Community Safe Rooms
In Oklahoma, every region is subject to severe weather conditions. Communities need to be prepared for any situation that may arise due to storms. One way they can do this is by having a community storm shelter in their local area to serve residents that live in apartments, mobile home parks, or highly-frequented areas.
Having a storm shelter close by is an invaluable community asset, and its presence also helps to give peace of mind. If your community does not have a storm shelter, consider contacting your local officials and asking them to look into the possibility of having one installed. It could make all the difference during a severe weather event.
Starting in 2017, Survivor Shelters added an entire line of community steel safe rooms to meet the needs of larger groups of people making communities safer. Our community steel safe room model maintains the same design quality as our residential models, and they specifically meet the FEMA and ICC requirements set forth for community shelters. The FEMA 360 and ICC 500 resolutions govern the different regulations required between residential and community storm shelters.
Our line of steel shelters brings with them high-quality safe room options and sizes to fit any need or budget. These are the best community safe rooms you can find in Oklahoma, and all of our shelters come with a 10-year warranty.
Contact us today to learn more about how we can help keep your community safe with a steel storm shelter. With our expertise and dedication, you can rest assured knowing that your local area is well-prepared the next time severe weather strikes.
Available Community Safe Room Models & Capacity
8x8 Community Shelter – 8' x 8' x 6'2" tall with a 9 person capacity
8x10 Community Shelter – 8' x 10' x 6'2" tall with a 12 person capacity
8x14 Community Shelter – 8' x 14' x 6'2" tall with a 18 person capacity
8x16 Community Shelter – 8' x 16' x 6'2" tall with a 20 person capacity
8x18 Community Shelter – 8' x 18' x 6'2" tall with a 23 person capacity
8x20 Community Shelter – 8' x 20' x 6'2" tall with a 26 person capacity
Features of The Steel Community Shelter
Capacity: Varies from 9 to 26 person capacity
Ventilation: Provided via multiple 4" or 6" vents depending on shelter size and specification
Two points of entry required for all community storm shelters with wheelchair-accessible vault doors and three-point locks
Our shelters come with two 36” doors that are manufactured from two sheets of steel
Outer skin is 3/16” and the inner skin is 12-gauge with “Z” bracing and has three (3) deadbolt locks for maximum strength and security
Color: Entire unit is primer painted
Base: Shelter is secured to concrete pad using special Hilti anchors
Warranty: 10-year warranty on all models
Downloadable Snapshot of The Community Steel Safe Room Specifications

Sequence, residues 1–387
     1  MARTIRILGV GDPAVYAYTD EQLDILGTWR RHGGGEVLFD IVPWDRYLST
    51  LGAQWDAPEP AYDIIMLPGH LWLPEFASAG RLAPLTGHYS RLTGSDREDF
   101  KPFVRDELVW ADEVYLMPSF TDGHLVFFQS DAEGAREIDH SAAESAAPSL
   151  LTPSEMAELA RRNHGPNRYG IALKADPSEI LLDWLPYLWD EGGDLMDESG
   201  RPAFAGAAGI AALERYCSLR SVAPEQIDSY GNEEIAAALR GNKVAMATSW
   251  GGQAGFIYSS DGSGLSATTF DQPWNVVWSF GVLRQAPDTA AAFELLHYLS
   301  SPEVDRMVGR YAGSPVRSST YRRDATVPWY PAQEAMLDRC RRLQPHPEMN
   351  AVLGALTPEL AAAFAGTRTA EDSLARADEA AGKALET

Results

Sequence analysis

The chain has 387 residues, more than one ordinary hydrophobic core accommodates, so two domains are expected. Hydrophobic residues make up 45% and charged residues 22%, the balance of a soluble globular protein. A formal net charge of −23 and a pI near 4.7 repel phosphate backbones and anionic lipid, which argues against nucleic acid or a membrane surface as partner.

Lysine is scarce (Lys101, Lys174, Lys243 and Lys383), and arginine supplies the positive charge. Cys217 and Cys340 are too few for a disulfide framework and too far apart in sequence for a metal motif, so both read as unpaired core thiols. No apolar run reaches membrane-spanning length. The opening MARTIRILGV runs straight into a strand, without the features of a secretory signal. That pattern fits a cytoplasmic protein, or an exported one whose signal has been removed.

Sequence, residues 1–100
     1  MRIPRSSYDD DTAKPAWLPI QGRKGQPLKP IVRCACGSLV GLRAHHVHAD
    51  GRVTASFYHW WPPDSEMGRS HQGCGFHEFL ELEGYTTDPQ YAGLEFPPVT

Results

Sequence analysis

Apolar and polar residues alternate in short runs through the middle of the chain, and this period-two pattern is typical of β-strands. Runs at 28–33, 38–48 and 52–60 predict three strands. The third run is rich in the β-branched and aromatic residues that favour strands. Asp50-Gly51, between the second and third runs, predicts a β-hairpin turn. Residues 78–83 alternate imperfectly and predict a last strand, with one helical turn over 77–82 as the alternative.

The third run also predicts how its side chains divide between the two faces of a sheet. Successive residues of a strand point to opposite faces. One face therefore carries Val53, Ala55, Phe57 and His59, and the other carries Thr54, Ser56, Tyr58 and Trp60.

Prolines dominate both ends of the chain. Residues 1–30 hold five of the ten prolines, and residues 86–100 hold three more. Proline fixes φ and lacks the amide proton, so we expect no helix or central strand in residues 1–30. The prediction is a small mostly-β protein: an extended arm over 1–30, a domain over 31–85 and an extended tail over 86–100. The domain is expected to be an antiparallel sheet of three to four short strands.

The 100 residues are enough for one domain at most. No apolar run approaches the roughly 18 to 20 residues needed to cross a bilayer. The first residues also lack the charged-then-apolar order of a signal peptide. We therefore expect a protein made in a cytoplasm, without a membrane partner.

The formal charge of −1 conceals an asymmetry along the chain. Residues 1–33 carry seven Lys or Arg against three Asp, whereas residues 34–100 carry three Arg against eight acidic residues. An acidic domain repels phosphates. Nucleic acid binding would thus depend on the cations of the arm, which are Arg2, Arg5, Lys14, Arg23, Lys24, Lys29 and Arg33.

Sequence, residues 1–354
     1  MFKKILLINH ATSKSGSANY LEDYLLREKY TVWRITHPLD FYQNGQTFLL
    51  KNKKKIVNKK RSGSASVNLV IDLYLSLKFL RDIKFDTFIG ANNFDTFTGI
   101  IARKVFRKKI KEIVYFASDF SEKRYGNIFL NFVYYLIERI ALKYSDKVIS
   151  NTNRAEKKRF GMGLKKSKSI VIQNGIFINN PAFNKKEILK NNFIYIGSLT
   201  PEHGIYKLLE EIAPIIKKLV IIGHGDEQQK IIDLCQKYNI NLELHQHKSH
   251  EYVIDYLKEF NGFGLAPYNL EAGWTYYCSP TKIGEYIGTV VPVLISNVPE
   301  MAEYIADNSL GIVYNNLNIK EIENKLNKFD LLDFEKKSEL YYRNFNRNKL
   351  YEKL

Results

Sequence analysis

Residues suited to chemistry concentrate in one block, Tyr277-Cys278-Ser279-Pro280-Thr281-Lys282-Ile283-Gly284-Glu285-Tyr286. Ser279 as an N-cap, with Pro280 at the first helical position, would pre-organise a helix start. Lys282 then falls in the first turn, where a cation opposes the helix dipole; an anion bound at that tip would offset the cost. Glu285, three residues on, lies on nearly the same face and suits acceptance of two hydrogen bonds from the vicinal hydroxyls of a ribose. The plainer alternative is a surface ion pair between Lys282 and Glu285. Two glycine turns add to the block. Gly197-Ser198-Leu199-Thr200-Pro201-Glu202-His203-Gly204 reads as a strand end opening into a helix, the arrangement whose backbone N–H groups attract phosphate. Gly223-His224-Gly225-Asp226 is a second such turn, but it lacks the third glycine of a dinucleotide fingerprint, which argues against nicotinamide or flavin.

There are a variety of programs that provide grants for purchasing and installing community storm shelters. Some of the available funding includes:
Community Development Block Grant Funds (CDBG)
Hazard Mitigation Grant Program Funds (HMGP)
Pre-Disaster Mitigation Program Funds (PDM)
For more information on community grants and funding, go to:
FEMA Information on Community Shelters Construction:
"Survivor Shelters recently installed eleven shelters for our school and community. I was very impressed with this company from the initial call until the finished product. Their customer service was outstanding. Doug Chance, Sales Manager, was on site daily taking the extra time to ensure everything was just right. After the project was completed, I've received a couple of calls making sure we were satisfied. I was very impressed with the entire process and would highly recommend this company."
Survivor Shelters FAQ
What is the difference between residential and community storm shelters?
Capacity: Community Shelters are required to provide more square footage per person than residential shelters. This is to make sure they are providing sitting room for the handicapped and elderly. Community shelters must provide 5 square feet per person whereas residential shelters only have to provide 3 square feet per person. This is why an 8 x 10 community shelter will have a lesser capacity than the same size residential shelter.
Points of Entry: Community Shelters are required to have two points of entry that are wheelchair accessible. Residential shelters only have one door.
Ventilation: Community Shelters are required by FEMA to have a different ventilation design (ventilation schedule) than residential shelters to allow for the difference in capacity.
Safety Features: Community Shelters are required to have the following safety features provided at the time of installation.
Outside Signage for Community Shelter
Engineering: Community Shelters must have a different engineering report than residential shelters.